posted on Aug, 30 2014 @ 05:03 PM
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a reply to: wildespace




Are we now trying to reconcile the Electric Universe with the standard model, the same way some people try to reconcile evolution with creationism (or science with religion in general)?


Whenever something new is learned and becomes mainstream, it almost always holds part of the old with part of the new. Both can have correct points which do combine, in any subject matter.



posted on Aug, 30 2014 @ 07:11 PM
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originally posted by: Char-Lee
a reply to: wildespace








Are we now trying to reconcile the Electric Universe with the standard model, the same way some people try to reconcile evolution with creationism (or science with religion in general)?





Whenever something new is learned and becomes mainstream, it almost always holds part of the old with part of the new. Both can have correct points which do combine, in any subject matter.


That's because it builds on what was previously known. EU and Standard Model are as irreconcileable as Flat Earth and Round Earth. Mainstream has always incoorporated an "electric" component. EU only works if the Standard Model is completely wrong.



posted on Aug, 31 2014 @ 12:03 PM
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a reply to: wildespace




For a cosmic thunderbolt to occur and to achieve all these things the EU claims it achieves, there has to be a titanic separation of charges. No such titanic separation of charges has been ever observed in the universe.


Where very powerful magnetic fields exist around magnetars or some black holes for example, astrophysicists have determined that to produce those magnetic fields there must be electric fields with gradients of GeV/cm. Yes, per centimetre. I'd say that was Titanic levels. This is why the standard model needs the extremely dense matter to exist because it is that extremely dense matter that causes charge separation, whereas in my model the strong electric field is the result of optical rectification of gamma rays produced by a Sun that is not an atomic fusion reaction, but a vacuum spark/arc in a cosmic scale flux tube. Have fun picking that idea apart!



posted on Aug, 31 2014 @ 01:19 PM
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originally posted by: GaryN
a reply to: wildespace




For a cosmic thunderbolt to occur and to achieve all these things the EU claims it achieves, there has to be a titanic separation of charges. No such titanic separation of charges has been ever observed in the universe.


Where very powerful magnetic fields exist around magnetars or some black holes for example, astrophysicists have determined that to produce those magnetic fields there must be electric fields with gradients of GeV/cm. Yes, per centimetre. I'd say that was Titanic levels.

But there are no magnetars or black holes in or anywhere near the Solar System, right? Besides, the EU theory dispenses with black holes, and attributes their miraculous electric currents to the interstellar plasma itself.


This is why the standard model needs the extremely dense matter to exist because it is that extremely dense matter that causes charge separation, whereas in my model the strong electric field is the result of optical rectification of gamma rays produced by a Sun that is not an atomic fusion reaction, but a vacuum spark/arc in a cosmic scale flux tube. Have fun picking that idea apart!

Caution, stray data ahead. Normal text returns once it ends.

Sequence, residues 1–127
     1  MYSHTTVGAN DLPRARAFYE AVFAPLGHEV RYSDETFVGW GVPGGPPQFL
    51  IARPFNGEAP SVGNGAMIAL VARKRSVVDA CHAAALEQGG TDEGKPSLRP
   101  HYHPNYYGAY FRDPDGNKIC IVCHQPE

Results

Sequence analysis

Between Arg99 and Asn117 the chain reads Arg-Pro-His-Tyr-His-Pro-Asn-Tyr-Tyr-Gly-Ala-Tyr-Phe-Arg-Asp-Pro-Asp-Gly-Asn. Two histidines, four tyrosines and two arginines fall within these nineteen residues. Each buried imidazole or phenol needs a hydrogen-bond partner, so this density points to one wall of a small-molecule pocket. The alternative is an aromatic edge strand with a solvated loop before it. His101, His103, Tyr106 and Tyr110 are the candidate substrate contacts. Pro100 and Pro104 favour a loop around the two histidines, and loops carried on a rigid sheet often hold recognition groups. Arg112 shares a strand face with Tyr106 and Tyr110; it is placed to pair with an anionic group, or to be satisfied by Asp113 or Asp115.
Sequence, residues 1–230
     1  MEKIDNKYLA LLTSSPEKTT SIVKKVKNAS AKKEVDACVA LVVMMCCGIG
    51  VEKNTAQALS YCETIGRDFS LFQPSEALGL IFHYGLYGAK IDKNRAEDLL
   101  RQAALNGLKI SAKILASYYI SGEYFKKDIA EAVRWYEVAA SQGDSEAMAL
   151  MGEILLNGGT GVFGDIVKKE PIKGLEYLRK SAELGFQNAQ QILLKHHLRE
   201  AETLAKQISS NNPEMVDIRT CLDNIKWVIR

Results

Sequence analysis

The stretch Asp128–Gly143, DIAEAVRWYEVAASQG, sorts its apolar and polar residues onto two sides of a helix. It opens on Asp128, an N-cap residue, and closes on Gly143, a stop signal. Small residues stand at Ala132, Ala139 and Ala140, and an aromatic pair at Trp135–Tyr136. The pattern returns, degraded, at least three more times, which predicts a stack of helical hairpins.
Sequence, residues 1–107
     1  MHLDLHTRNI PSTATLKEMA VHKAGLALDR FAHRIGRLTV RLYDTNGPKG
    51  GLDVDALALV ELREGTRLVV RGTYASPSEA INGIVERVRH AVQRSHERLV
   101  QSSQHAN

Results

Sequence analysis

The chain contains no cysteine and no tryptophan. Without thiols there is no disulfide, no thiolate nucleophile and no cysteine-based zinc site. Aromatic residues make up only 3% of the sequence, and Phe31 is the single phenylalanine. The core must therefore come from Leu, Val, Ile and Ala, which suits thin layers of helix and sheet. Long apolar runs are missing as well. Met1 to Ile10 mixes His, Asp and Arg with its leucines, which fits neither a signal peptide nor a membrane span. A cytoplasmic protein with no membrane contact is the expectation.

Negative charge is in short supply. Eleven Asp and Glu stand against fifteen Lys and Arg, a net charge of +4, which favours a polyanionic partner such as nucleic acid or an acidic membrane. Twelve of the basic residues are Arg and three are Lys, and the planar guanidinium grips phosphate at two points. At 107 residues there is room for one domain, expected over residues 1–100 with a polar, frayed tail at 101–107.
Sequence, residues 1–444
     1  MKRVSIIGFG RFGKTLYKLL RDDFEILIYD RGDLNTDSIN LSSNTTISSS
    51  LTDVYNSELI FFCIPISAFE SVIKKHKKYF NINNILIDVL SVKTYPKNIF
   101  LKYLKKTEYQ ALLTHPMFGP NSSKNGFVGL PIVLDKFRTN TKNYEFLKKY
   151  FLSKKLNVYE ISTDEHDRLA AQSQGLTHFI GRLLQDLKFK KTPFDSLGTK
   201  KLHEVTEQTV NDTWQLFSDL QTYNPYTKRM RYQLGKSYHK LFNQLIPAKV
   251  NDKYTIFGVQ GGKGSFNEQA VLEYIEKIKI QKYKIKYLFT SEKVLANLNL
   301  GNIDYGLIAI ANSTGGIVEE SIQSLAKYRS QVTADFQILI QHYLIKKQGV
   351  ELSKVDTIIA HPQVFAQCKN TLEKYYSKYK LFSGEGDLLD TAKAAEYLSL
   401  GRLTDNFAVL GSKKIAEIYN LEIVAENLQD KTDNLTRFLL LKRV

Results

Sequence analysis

What is optical rectification? A quick Google search points only to it affecting polarisation, and producing other types of EM radiation, such as using lasers to produce terahertz radiation.

By the way, the Sun doesn't emmit gamma rays as such, although occasionally it produces gamma rays by cyclotron-type mechanisms, during solar flares.
www.windows2universe.org...
www.universetoday.com...

Actually, as seen in high-energy gamma rays, the Moon is brighter than the quiet Sun.
heasarc.gsfc.nasa.gov...



posted on Sep, 3 2014 @ 07:18 PM
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originally posted by: myselfaswell
The standard model is not definitive. And never has been. Gravity, just sayin.


And the EU "theory" (if it can be that coherent): when has it been right about ANYTHING?



posted on Sep, 3 2014 @ 07:37 PM
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a reply to: mbkennel

I'm not suggesting that EU theory is even close to the mark. I'm saying that comparing an incomplete model against another incomplete and possibly wrong theory is totally futile, but it does not rule out the possibility of an EU in whole or in part.

Any suggestion that we actually know more than a rough approximation about how the universe works, to me, is laughable.

I do get tired of hearing science declare, "That's it, we've worked it all out all we've got to do now is fill in a few gaps." Only to hear a few months or so later, "You know that whole worked it out thing we said a few months ago, well that wan't necessarily,technically correct. It might only be 20%, sort of correct.".

Kind Regards
Myselfaswell



posted on Sep, 4 2014 @ 12:12 AM
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originally posted by: myselfaswell
a reply to: mbkennel

I'm not suggesting that EU theory is even close to the mark. I'm saying that comparing an incomplete model against another incomplete and possibly wrong theory is totally futile, but it does not rule out the possibility of an EU in whole or in part.

Any suggestion that we actually know more than a rough approximation about how the universe works, to me, is laughable.

I do get tired of hearing science declare, "That's it, we've worked it all out all we've got to do now is fill in a few gaps." Only to hear a few months or so later, "You know that whole worked it out thing we said a few months ago, well that wan't necessarily,technically correct. It might only be 20%, sort of correct.".